Third, the present study has successfully ‘isolated’ seven different types of morality. Future research should investigate how they interact. For example, MAC predicts that having to choose between alternative, incompatible cooperative courses of action will give rise to moral dilemmas. Should you tend to your ailing mother, or go off to fight for your country (Sartre, 1946/1973)? MAC also predicts that when one cooperative opportunity is pursued at the expense of some larger more valuable opportunity (‘the greater good’), the former will be regarded as (relatively) morally bad (Muthukrishna, Francois, Pourahmadi, & Henrich, 2017). And MAC suggests that these seven first-order ‘moral elements’ may combine to form 21  second-order ‘moral molecules’ (and 35 third-order molecules, and so on). For example, Family and Deference may combine to form Filial Piety (Nichols, 2013). Investigating how dilemmas arise and are resolved, and how higher-order concepts emerge, could extend the explanatory scope of the theory further still.
Fourth, the present study has looked for invariant aspects of morality, in two English-speaking Western, Educated, Industrialised, Rich, Democratic cultures (W.E.I.R.D; Henrich, Heine, & Norenzayan, 2010). Future research should test this factor-structure in a wider range of languages and cultures, and investigate how morality varies between individuals, within and between cultures – especially, whether moral values reflect the value of different types of cooperation under different social conditions.
Fifth, reviewing the final set of items, we note the possibility that some may be less-than-optimally phrased. For example, it’s possible that questions that use comparative (“there should be more X”), superlative (“Y is the most admirable trait”) or extreme (“you should always do Z”) terms may be somewhat ambiguous, and hence difficult to interpret. Participants may value X, but disagree with the item because they think there is enough of it; they may admire Y, but disagree with because they think it is the second most important trait; or they may endorse X, but disagree because they can conceive of plausible exceptions. This applies to MAC-Q items like “Society should do more to honour its heroes”, “Courage in the face of adversity is the most admirable trait”, and “You should always be loyal to your family”, as well as MFQ items like “It is more important to be a team player than to express oneself”, “Compassion for those who are suffering is the most crucial virtue”, “It can never be right to kill a human being”. Future research should experiment with simpler positive language, being mindful of the ceiling and floor effects that ‘milder' items may produce. We also note that the MAC-Q Heroism item “To be willing to lay down your life for your country is the height of bravery” introduces a possible confound with Mutualism, and should be avoided in future. In addition, we note that the Division items focus on the simplest form of fairness: equality. Future research should aim to explore other more nuanced expressions of fairness, such as proportionality or merit, which can lead to unequal outcomes (Starmans, Sheskin, & Bloom, 2017). Lastly, the item selection procedure delivered reversed Judgement items for Property, and for Property only, which may have introduced a confound in the valence of the items. Future work should investigate this, and if necessary correct it. Generally speaking, future research should aim to replicate the present findings with alternative sets of items, and indeed with other types of stimuli (such as standardised vignettes) (Clifford, Iyengar, Cabeza, & Sinnott-Armstrong, 2015).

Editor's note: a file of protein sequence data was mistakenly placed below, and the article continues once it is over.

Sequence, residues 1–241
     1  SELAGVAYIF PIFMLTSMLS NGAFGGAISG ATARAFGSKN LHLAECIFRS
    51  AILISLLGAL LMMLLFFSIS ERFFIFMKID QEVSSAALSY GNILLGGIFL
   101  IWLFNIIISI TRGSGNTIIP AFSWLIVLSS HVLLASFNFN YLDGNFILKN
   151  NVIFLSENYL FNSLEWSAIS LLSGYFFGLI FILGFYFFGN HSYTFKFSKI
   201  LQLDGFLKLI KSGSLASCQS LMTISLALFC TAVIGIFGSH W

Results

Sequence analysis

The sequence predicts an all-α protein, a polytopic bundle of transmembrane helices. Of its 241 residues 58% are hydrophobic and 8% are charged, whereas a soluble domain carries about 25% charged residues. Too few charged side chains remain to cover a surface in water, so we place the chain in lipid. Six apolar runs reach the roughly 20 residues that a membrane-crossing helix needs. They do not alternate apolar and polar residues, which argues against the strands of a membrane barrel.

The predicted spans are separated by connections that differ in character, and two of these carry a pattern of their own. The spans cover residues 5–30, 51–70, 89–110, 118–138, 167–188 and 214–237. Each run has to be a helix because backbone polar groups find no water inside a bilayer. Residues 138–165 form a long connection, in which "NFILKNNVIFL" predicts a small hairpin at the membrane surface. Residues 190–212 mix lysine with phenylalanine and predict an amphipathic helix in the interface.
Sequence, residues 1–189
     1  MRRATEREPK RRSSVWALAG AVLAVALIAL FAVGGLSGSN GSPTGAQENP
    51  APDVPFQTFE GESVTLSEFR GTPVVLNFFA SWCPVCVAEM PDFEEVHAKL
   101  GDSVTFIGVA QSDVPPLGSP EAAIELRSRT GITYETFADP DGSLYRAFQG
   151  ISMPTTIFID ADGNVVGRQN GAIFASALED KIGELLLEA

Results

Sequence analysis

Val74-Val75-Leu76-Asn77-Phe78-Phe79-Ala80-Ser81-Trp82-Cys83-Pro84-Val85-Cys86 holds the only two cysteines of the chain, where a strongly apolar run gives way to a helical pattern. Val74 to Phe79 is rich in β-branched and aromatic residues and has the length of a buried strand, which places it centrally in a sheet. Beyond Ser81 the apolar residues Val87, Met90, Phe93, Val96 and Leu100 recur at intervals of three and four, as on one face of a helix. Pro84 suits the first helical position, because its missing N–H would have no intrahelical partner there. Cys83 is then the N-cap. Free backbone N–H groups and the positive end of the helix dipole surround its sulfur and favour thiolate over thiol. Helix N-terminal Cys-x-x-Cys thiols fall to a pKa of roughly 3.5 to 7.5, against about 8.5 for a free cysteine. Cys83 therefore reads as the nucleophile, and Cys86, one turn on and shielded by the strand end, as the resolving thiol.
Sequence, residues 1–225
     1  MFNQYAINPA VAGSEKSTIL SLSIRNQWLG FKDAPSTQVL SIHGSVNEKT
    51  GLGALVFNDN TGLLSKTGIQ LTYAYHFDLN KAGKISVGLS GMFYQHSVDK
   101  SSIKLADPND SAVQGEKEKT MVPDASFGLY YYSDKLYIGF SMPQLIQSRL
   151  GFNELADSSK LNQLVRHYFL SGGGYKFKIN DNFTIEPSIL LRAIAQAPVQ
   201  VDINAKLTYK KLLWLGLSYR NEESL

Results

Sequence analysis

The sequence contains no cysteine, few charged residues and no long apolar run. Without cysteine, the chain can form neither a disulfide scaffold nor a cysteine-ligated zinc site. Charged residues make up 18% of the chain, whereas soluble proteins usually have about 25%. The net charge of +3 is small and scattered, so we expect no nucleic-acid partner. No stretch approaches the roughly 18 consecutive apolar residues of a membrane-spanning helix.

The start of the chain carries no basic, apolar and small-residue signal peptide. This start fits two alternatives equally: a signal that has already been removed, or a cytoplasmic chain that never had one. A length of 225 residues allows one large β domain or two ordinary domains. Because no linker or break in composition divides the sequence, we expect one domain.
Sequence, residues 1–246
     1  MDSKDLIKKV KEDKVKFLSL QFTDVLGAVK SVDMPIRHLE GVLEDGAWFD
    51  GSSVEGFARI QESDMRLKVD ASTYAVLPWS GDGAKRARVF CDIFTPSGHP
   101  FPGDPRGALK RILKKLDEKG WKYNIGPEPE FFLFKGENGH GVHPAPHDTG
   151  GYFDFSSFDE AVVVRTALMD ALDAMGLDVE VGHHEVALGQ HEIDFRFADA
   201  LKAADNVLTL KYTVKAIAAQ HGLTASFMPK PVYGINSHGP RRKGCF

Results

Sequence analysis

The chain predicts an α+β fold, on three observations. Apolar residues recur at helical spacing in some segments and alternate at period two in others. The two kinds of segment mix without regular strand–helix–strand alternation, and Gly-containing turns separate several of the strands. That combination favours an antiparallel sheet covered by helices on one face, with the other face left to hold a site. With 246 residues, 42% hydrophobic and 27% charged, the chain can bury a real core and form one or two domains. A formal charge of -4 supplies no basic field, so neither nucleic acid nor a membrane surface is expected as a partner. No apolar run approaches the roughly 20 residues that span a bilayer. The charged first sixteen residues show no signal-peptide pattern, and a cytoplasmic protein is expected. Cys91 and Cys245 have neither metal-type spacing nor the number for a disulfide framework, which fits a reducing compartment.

Finally, the present study found that the MAC-Q’s psychometrics performed well, and compare favourably to the MFQ’s, but there is room for improvement, especially with regard to external criterion scales. Future research should aim to identify external scales which ask questions more directly related to the moral valence of the behaviour (rather than, as noted above, asking whether a person performs that behaviour). Such research should also extend beyond self-report scales to use performances on tasks, and behavioural measures such as experimental games.

9. Conclusion

Here we have introduced the theory of Morality-as-Cooperation, and shown how it provides a principled, predictive and productive approach to the content and structure of morality. Using cooperation as our compass, we have charted a new course, and drawn up a more accurate map of the moral landscape – revealing familiar ground in greater detail, and surveying previously unexplored territory. Thus equipped, with map and compass, we look forward to further discoveries ahead.